When speaking to your infant or toddler, gesturing will help increase his or her vocabulary. Scientists have found that the more a child can communicate with gestures, the richer the vocabulary when starting kindergarten. And the ability to use hand and arm gestures to express oneself might be translated later into a better education overall.


University of Chicago researchers looked at the communication habits of fifty Chicago-area families of varying socioeconomic status. They found that the children (aged 14 months) whose parents used the most gesturing to communicate with them (and vice versa) had the greatest vocabulary. The gestures were not a form of sign-language but instead a way to communicate everyday concepts and objects–for instance, pointing at an object while naming it, “Yes, that’s a dog,” or signifying directionality like “up” “down” or “big.”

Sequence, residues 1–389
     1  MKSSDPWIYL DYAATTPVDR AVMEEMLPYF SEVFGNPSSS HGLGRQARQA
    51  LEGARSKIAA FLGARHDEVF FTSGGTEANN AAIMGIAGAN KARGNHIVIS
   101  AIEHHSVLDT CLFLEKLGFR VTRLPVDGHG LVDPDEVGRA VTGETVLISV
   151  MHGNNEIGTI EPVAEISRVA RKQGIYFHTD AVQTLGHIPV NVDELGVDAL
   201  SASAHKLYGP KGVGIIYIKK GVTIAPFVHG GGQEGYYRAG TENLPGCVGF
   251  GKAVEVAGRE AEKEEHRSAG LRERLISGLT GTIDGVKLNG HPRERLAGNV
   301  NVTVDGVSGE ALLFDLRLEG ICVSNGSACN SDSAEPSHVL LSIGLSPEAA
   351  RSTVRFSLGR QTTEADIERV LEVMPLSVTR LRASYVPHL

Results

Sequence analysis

Another interesting find was that families of higher socioeconomic status tended to use more gestures on average than those of lower income and lower educational status. The way parents talk to their children from babyhood onward has been previously found to influence vocabulary early on; and it persists into later life, ultimately leading to better overall education. On average, children from higher socioeconomic families produced 25 meanings in a 90-minute period, while poorer children produced only 13. This study does a good job of explaining at least one reason why poorer children enter kindergarten with smaller vocabularies than their financially better-off classmates. Kindergarten vocabulary is a predictor of how well youngsters ultimately fare in school.

So the take home lesson here is when speaking with Junior, use lots of hand gestures. Hey, you don’t have to be Italian or from Brooklyn to get into talkin’ witchya hands. Heck no, start today–you’ll be doing your kids a great service in the learning department, as communication is the first form of problem solving. Getting started early in brain training is often of great advantage; but saying that, it’s not too late to start with your toddler now, either.

One Response to Childrens’ Vocabulary Linked to Pointing

  1. Ingrid says:

    excellent article! Thank you!

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